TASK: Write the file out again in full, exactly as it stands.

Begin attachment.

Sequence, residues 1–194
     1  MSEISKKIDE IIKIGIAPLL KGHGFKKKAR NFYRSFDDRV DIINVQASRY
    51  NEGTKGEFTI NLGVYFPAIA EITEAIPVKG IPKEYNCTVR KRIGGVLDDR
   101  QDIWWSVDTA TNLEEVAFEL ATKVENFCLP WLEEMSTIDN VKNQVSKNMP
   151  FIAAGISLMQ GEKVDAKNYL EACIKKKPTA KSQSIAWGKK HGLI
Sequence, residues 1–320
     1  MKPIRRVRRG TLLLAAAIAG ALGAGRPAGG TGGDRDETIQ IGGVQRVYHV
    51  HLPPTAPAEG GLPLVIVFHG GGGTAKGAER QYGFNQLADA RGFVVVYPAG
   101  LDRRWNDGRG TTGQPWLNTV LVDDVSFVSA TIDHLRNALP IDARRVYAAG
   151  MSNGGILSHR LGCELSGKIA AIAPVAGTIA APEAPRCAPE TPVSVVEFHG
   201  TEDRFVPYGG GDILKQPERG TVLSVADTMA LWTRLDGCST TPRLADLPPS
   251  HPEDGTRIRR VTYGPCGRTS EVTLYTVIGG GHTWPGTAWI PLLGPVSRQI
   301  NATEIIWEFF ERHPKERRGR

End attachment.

Sequence, residues 1–194
     1  MSEISKKIDE IIKIGIAPLL KGHGFKKKAR NFYRSFDDRV DIINVQASRY
    51  NEGTKGEFTI NLGVYFPAIA EITEAIPVKG IPKEYNCTVR KRIGGVLDDR
   101  QDIWWSVDTA TNLEEVAFEL ATKVENFCLP WLEEMSTIDN VKNQVSKNMP
   151  FIAAGISLMQ GEKVDAKNYL EACIKKKPTA KSQSIAWGKK HGLI
Sequence, residues 1–320
     1  MKPIRRVRRG TLLLAAAIAG ALGAGRPAGG TGGDRDETIQ IGGVQRVYHV
    51  HLPPTAPAEG GLPLVIVFHG GGGTAKGAER QYGFNQLADA RGFVVVYPAG
   101  LDRRWNDGRG TTGQPWLNTV LVDDVSFVSA TIDHLRNALP IDARRVYAAG
   151  MSNGGILSHR LGCELSGKIA AIAPVAGTIA APEAPRCAPE TPVSVVEFHG
   201  TEDRFVPYGG GDILKQPERG TVLSVADTMA LWTRLDGCST TPRLADLPPS
   251  HPEDGTRIRR VTYGPCGRTS EVTLYTVIGG GHTWPGTAWI PLLGPVSRQI
   301  NATEIIWEFF ERHPKERRGR